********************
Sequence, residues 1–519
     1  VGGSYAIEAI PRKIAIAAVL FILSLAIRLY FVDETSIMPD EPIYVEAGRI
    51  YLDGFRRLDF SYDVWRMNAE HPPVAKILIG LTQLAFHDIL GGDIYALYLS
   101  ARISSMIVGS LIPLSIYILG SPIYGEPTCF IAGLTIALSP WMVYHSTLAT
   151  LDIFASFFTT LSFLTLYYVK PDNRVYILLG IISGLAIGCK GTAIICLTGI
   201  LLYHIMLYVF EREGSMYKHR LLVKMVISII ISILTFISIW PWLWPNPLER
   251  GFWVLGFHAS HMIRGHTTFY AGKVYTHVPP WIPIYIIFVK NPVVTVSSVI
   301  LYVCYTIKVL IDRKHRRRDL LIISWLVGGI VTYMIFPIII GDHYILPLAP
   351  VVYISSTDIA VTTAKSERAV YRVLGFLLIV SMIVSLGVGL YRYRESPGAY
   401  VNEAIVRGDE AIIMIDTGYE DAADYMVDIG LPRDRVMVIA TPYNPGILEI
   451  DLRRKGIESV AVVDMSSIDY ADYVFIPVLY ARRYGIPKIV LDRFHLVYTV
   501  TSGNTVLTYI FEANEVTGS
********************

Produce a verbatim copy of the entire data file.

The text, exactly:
Sequence, residues 1–519
     1  VGGSYAIEAI PRKIAIAAVL FILSLAIRLY FVDETSIMPD EPIYVEAGRI
    51  YLDGFRRLDF SYDVWRMNAE HPPVAKILIG LTQLAFHDIL GGDIYALYLS
   101  ARISSMIVGS LIPLSIYILG SPIYGEPTCF IAGLTIALSP WMVYHSTLAT
   151  LDIFASFFTT LSFLTLYYVK PDNRVYILLG IISGLAIGCK GTAIICLTGI
   201  LLYHIMLYVF EREGSMYKHR LLVKMVISII ISILTFISIW PWLWPNPLER
   251  GFWVLGFHAS HMIRGHTTFY AGKVYTHVPP WIPIYIIFVK NPVVTVSSVI
   301  LYVCYTIKVL IDRKHRRRDL LIISWLVGGI VTYMIFPIII GDHYILPLAP
   351  VVYISSTDIA VTTAKSERAV YRVLGFLLIV SMIVSLGVGL YRYRESPGAY
   401  VNEAIVRGDE AIIMIDTGYE DAADYMVDIG LPRDRVMVIA TPYNPGILEI
   451  DLRRKGIESV AVVDMSSIDY ADYVFIPVLY ARRYGIPKIV LDRFHLVYTV
   501  TSGNTVLTYI FEANEVTGS